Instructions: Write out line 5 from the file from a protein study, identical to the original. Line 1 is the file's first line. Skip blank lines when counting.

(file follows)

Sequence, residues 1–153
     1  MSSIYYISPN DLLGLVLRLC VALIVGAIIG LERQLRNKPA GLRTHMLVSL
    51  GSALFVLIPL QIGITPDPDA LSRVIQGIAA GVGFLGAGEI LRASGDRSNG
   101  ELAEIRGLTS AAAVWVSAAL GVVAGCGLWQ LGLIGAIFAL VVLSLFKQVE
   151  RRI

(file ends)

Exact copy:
   151  RRI